San Francisco, CA Earthquake, Feb 1856


There was a scene of unusual terror and excitement in Montgomery Block, the large and substantial building on Montgomery street, between Merchant and Washington streets. As soon as the first movement in the building occurred, the inmates of the various rooms were awakened and leaped to their doors in the greatest imaginable haste.

The different halls in the successive stories of the building were soon filled with the terror-stricken occupants-each running hither and thither in their sleeping habiliments towards the various stairways which lead down to the street. Some of those who occupied apartments in the fourth or highest story, rushed from their rooms regardless of their nudity, and came jumping, leaping, and tumbling down the first and second flight of stairs, clearing them in a bound or two, at the most, and with white lips and chattering teeth, held their way until they reached the ground-where they stood in amazement and doubt, until the cold air and the absence of terrestrial commotion calmed their fears and reminded them that the apartments that they had vacated were more comfortable than those into which they had so suddenly precipitated themselves. The building was certainly jostled with great violence by the quake, but it moved as though it stood upon elastic springs. Not the slightest cracking or evidence of a collapse was heard or seen in any part of it.

An amusing incident occurred whilst the commotion was at its greatest height. A gentleman who occupies a room on the third story, and is perhaps blessed with more than an ordinary share of resignation or fortitude, was aroused by the shock and was seen leisurely opening his door as the inmates were flying hither and thither and jumping down the stairways. He calmly answered what was the matter, and was answered by the flying occupants in this wise: "An earthquake! An earthquake! Run! The building is coming down! Don't you feel it?" Mr. ______, with the apparent greatest astonishment, replied, "An earthquake! Oh, d__n it, is that all, I'm going to bed again," and slamming the door violently as if indignant at the alarm of his friends, retired and was seen no more until 10 o'clock A. M.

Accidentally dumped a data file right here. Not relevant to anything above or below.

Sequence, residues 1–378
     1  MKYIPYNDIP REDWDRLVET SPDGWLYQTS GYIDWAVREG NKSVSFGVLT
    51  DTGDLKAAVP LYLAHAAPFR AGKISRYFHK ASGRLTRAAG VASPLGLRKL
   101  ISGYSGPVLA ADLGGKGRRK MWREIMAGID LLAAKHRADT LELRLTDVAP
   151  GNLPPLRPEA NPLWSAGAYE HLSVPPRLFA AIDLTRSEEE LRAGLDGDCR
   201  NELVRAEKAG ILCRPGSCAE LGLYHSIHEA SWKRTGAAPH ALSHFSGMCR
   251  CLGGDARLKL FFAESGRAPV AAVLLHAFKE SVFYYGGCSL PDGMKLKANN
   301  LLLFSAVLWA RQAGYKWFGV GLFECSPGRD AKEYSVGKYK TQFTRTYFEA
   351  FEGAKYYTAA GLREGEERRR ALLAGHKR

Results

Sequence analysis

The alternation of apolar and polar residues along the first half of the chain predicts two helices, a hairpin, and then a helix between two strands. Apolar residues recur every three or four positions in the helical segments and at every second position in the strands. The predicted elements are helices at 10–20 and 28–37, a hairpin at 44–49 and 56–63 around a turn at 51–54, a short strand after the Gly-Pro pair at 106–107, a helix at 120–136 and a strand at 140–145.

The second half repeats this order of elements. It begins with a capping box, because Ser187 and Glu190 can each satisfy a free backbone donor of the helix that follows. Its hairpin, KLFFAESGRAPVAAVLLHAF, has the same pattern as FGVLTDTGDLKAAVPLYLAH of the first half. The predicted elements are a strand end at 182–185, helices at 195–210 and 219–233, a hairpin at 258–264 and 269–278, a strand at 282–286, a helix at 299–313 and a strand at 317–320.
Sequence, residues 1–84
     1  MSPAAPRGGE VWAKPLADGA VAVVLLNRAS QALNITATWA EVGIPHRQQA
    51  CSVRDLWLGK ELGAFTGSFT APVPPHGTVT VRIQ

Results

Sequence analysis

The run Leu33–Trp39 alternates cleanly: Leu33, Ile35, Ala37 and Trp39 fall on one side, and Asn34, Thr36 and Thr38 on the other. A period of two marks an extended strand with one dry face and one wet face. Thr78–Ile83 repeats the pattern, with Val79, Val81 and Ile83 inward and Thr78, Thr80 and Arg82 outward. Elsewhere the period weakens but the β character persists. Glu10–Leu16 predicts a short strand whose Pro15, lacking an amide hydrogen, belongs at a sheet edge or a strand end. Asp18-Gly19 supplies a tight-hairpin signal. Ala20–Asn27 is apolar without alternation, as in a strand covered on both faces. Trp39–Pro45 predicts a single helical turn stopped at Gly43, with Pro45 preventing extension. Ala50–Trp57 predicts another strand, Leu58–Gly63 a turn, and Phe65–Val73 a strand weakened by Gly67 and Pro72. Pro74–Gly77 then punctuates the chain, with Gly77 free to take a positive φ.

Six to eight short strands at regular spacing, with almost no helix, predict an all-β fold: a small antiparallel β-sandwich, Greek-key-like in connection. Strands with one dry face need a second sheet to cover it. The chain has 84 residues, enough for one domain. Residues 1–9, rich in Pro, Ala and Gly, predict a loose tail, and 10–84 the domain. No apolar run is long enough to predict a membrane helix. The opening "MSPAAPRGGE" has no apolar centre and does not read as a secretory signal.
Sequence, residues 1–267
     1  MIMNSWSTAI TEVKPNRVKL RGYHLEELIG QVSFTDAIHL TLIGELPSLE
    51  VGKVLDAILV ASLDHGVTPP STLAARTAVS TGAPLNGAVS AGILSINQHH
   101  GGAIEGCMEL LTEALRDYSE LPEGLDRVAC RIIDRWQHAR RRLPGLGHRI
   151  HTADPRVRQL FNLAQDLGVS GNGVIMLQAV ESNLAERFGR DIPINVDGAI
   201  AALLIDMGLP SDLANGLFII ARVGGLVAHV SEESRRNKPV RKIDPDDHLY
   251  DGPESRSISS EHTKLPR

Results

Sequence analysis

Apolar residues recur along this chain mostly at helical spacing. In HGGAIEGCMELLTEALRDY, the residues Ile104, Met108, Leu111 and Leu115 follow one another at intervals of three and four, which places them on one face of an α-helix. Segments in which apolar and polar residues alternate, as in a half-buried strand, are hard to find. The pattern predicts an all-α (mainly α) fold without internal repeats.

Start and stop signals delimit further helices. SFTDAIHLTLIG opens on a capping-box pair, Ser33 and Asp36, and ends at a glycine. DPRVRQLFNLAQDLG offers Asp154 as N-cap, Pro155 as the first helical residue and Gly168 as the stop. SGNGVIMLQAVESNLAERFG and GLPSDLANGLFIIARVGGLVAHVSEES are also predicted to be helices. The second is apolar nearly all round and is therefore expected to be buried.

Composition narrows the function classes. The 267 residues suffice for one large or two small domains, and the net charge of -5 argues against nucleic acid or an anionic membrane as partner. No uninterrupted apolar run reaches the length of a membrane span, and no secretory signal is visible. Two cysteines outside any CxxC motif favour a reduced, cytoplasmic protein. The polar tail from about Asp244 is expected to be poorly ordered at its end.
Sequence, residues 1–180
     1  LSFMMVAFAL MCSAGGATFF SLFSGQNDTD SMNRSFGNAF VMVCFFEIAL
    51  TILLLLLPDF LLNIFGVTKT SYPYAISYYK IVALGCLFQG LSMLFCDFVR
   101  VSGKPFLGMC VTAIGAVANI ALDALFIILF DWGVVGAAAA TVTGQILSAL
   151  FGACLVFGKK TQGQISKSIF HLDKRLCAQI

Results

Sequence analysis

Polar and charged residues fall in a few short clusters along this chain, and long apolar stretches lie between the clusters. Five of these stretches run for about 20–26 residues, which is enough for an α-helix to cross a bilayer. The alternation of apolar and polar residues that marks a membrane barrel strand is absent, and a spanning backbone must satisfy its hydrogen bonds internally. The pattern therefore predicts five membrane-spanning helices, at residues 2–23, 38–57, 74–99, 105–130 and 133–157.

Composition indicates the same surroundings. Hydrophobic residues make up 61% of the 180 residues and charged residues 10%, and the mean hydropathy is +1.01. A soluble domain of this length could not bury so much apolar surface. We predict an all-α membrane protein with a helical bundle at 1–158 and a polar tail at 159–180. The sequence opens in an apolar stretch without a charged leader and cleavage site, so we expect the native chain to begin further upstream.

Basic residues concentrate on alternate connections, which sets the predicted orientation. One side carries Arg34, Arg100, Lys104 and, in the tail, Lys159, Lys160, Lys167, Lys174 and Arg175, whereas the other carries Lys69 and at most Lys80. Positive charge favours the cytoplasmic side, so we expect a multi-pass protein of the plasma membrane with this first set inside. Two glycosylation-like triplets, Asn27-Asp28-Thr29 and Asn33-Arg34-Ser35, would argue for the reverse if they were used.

A favorite young Irishman who attends to a suite of rooms in the building, was seen flying from his apartments in the utmost terror, and in a state of half-nudity, to the street. When he returned, about 8 o'clock A. M., to his morning duties, he was asked by a gentleman upon whom he attended whether he felt the earthquake. "Did I feel it?" said Pat ____, "Faith didn't I? And didn't I run like a hare? Be javers, and if that was a yearthquake [sic], I niver want to see the likes of it again." By the way, PAT never stopped running until he reached the plaza, where he found a multitude of strong-minded and strong-nerved men, and women and children, who has sought it as a great Palladium of safety.


The consternation among the inmates of the large hotels occasioned scenes which may be better imagined than described. The population of the Rassette House rushed, tumbled or precipitated itself down the stairways and into the street; and such an array of beauty unadorned was never before witnessed in San Francisco. This edifice, it is said, shows no marks of injury by the shock. The scene at Wilson's Exchange, St. Nicholas Hotel and International Hotel, were equally remarkable. The occupants of Wilson's Exchange took refuge in the Tehama House, which is frame, and consequently in less danger than the other. Many of the inmates of the International found their way en masse to the Plaza, where, like their companions in misery, they shared each with the other such articles of apparel as had been caught up in the hurry of flight.


Hundreds of the residents of the central portion of the city rushed to the Plaza, naturally thinking that the open space would afford them greater refuge than the roof of a toppling building. Many were almost in a state of nudity-and others whose overpowering sense of modesty suggested the propriety of a little clothing, even in this emergency, might have been seen making their hasty toilet under the shadow of the Plaza fence with as much haste as their trembling limbs would allow. The scene would have been extremely ludicrous under other circumstances. When the shock was over, the rush for pantaloons and petticoats was quite as great.


The fire wall of the north side of the brick building at the corner of Oregon and Front streets, occupied by GOODWIN & CO., fell over into the street. The wall was but eight inches in thickness, and badly put up at that.

The front wall of WILSON'S Exchange Building, on Sansome street, near the south end, is cracked from the foundation to the roof. In its present condition, the southern portion of the building is quite unsafe.

The walls of the building No. 76 Front street, occupied as a stove store by BRITTAN & CO., are cracked in a number of places. The building will probably have to be taken down.

The southern wall of the City Hall Building, on the line of stairway ascending to the upper stories, is cracked from the foundation to the roof. The wall plaster has fallen off in a number of places. A number of brick buildings in the lower portion of the city are slightly cracked, but in most instances the damages may be easily repaired.

The New York Times, New York, NY 14 Mar 1856